In 2011, Tencent launched its most successful platform, the mobile app WeChat (Weixin), a Facebook-like, multipurpose social media platform, and, by 2018, WeChat featured over one billion active users in China. WeChat has extensive functionality like messaging, video and voice calling, image and video sharing, and “moments,” a Facebook-like posting service. The application, however, is far more than just a social media and communication platform, and WeChat usage is such in China that it is difficult to get by in daily life without using the platform. Its digital wallet and mobile payment service, WeChat Pay, had over 600 million active users by 2017, greatly eclipsing Alibaba’s competing service, AliPay, and its 450 million users.13 Users use WeChat Pay to pay bills, order goods, transfer money to other users, and pay in stores and other locations that feature a WeChat Pay option. WeChat users also order food from restaurants, book travel, shop, read news, play video games, purchase movie tickets, and even do laundry, among other things, entirely within the app. Forbes Magazine has called the application “China’s app for everything,” and Berkshire Hathaway Vice Chairman Charlie Munger has described WeChat as one of the few potential competitors to US financial giants Visa, Mastercard, and American Express.
Tencent possesses a staggering array of investments. Tencent CEO Ma Huateng is a noted aggressive investor, similar to Warren Buffet of Berkshire Hathaway, and Tencent owns or possesses stakes in over 600 companies in real estate, food, automotive, education, agriculture, and renewable energy, among other fields. Like Alibaba, Tencent has set up a film division that has invested, for example, in 2017’s Wonder Woman and the upcoming sequel to Top Gun. Through its businesses and investments, Tencent made over US $45 billion in revenue in 2018 and, as of publication, ranks as the world’s fifth most valuable internet company.14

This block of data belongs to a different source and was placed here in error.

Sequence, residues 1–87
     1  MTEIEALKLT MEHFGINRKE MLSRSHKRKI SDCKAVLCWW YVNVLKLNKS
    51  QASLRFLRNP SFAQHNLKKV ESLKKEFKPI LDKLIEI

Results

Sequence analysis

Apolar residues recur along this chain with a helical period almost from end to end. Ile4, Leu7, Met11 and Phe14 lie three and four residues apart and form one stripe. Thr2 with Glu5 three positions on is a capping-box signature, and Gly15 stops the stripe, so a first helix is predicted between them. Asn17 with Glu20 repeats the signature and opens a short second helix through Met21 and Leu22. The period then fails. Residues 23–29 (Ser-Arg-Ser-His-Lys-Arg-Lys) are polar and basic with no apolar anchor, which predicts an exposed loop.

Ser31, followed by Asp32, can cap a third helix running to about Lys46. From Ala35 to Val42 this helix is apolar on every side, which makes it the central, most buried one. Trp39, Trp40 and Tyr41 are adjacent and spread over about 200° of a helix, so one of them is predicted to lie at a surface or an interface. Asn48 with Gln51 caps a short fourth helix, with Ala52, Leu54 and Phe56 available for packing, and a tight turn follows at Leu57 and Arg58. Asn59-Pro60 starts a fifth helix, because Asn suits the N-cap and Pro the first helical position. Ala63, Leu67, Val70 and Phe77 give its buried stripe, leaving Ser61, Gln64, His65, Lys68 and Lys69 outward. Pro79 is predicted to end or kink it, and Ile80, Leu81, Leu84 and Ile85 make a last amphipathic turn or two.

Like its competitor Alibaba, Tencent is a national champion with some troubling ties to the Chinese government, where Ma serves as a delegate to the National People’s Congress. Similar to Alibaba’s role in pushing smart cities, the Chinese government has invested in Tencent initiatives to improve medical imaging. Perhaps most concerning is how its services are used to promote the Great Firewall of China (GFW)—a series of legislative actions and technologies employed by the Chinese government to monitor and censor the internet and block access to foreign sites. WeChat, with its near ubiquity in China, has become an invaluable tool for the government to monitor and censor user content. This censorship follows its Chinese users everywhere. WeChat users who have registered their Chinese phone number with the service still find their activity is censored even when outside China.15 To gain access to these Chinese users, foreign companies, universities, etc., must register accounts on services like WeChat within China and then become subject to the same censorship laws within the country. Recorded chats are used in legal proceedings, and individuals have been followed for posting about political matters. In order to gain access to WeChat’s massive user base via its social networking “moments,” Chinese websites must have an internet content provider license (ICP) provided by the Chinese government.
Tencent CEO Ma Huateng is a noted aggressive investor, similar to Warren Buffet of Berkshire Hathaway, and Tencent owns or possesses stakes in over 600 companies.